Dirt work begins on Ringneck Energy as project details finalized

By Susanne Retka Schill | December 30, 2015

Two critical steps need to be finalized on the proposed 70 MMgy corn/milo ethanol plant at Onida, South Dakota, but Walt Wendland, president and chairman, is confident the last details will be finalized in the first months of the year. In anticipation of that, Fagen Inc. has a project manager on site and dirt work began Nov. 2 to make use of the exceptionally late onset of winter in central South Dakota. “They’ve got the roads in around the plant site and the over excavation is done under the fermenters, process building and distillation units to remove the softer dirt and refill with engineered soil,” he reported.    

All but one permit is in place, and Wendland expects that one—the air permit—to be finalized within 45 days. And, with the last round of investor meetings completed in mid-December, he said, “we’re tying up loose ends with the large investors. We hope to have it all finished up by the end of January.”  Following the new rules for private placement equity drives, Wendland said they were able to publicly advertise and hold meetings, but are required to verify all investors are accredited. The minimum investment was $50,000 and there are minimum income or net worth thresholds to be met.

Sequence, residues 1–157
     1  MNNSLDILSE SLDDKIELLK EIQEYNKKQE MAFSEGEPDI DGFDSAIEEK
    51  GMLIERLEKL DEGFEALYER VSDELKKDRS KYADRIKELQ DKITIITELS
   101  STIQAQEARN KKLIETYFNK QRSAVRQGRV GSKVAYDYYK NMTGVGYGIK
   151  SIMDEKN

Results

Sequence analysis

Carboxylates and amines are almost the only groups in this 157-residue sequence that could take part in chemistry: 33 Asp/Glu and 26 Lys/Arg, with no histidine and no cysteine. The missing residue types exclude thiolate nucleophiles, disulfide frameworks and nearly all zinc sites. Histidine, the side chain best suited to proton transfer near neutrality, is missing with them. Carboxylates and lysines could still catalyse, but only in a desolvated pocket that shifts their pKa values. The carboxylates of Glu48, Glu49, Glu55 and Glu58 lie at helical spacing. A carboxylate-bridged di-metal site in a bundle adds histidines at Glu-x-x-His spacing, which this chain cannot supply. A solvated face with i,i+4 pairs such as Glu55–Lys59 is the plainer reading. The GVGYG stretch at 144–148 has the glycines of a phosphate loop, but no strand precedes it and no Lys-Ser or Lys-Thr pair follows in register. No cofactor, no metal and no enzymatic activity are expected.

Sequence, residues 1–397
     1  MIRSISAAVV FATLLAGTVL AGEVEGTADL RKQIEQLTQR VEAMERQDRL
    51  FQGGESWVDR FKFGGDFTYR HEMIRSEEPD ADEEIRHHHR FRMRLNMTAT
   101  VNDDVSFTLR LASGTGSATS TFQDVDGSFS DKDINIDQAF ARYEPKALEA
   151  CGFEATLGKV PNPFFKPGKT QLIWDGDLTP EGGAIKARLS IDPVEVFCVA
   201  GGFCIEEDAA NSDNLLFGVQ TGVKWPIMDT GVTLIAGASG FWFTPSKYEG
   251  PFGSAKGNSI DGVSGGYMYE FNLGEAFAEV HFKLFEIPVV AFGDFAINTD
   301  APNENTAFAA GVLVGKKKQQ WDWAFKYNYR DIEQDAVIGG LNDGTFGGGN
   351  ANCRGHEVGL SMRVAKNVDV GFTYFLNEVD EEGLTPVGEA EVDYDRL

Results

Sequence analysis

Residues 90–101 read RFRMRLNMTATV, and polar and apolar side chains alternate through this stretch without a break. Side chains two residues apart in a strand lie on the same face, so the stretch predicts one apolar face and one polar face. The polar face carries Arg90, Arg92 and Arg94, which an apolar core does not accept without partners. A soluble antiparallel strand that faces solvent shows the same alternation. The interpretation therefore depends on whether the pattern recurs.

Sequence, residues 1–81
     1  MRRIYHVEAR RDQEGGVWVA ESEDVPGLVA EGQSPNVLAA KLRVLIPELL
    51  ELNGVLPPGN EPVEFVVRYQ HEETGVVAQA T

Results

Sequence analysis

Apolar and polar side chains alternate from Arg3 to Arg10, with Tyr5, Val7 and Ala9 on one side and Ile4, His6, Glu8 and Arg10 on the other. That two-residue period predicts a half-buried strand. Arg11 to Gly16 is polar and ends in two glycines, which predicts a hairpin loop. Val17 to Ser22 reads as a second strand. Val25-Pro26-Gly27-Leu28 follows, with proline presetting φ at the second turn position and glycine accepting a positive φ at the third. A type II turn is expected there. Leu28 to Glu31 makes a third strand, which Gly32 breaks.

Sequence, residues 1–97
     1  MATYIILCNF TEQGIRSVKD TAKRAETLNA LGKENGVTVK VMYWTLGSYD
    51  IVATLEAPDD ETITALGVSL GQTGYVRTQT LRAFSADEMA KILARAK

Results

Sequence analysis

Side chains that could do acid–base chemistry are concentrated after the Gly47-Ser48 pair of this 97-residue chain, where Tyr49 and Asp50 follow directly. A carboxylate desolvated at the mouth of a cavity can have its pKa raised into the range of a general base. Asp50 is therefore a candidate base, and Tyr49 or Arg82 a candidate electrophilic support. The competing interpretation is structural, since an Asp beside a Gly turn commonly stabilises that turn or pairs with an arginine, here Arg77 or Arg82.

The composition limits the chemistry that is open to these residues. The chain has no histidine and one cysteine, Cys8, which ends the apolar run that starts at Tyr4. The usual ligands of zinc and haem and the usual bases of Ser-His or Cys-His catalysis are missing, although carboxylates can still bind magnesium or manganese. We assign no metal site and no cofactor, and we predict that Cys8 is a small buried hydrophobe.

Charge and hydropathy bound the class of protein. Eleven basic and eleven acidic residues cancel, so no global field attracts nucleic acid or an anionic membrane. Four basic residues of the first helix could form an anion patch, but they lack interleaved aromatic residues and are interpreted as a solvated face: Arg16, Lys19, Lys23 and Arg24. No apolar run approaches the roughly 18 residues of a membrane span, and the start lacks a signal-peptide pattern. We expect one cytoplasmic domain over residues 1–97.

“Most investors are from South Dakota by far,” he reported, but the project did attract investors from Texas, Kansas, Iowa, Minnesota and Illinois. “Generally, from areas where they understand the ethanol investment,” he added.  When completed, there will be between 150 to 200 investors putting up the $74.5 million in equity. The total cost for the project is estimated at just under $140 million.

Fundraising for an ethanol project has changed, Wendland added, since the early days, when he was raising funds for Golden Grain Energy, the Iowa plant he managed for many years. “It is a lot harder with farm income on the decline than when farm income was increasing,” he said. “But to me, it’s important to continue to build demand for grain. We certainly aren’t slowing down on production. And, we’re expanding the market for ethanol as well.”   

Located in central South Dakota, north of the capital of Pierre and east of the Missouri River, the plant is situated in an area with growing corn acres and no other ethanol plants. As a result, the historical basis is generally 80 cents below Chicago futures. “We’re in the best place to be a lost cost producer,” Wendland said. “We’re creating a local market, which is so much better than putting it in a railcar and letting someone else add value to it.”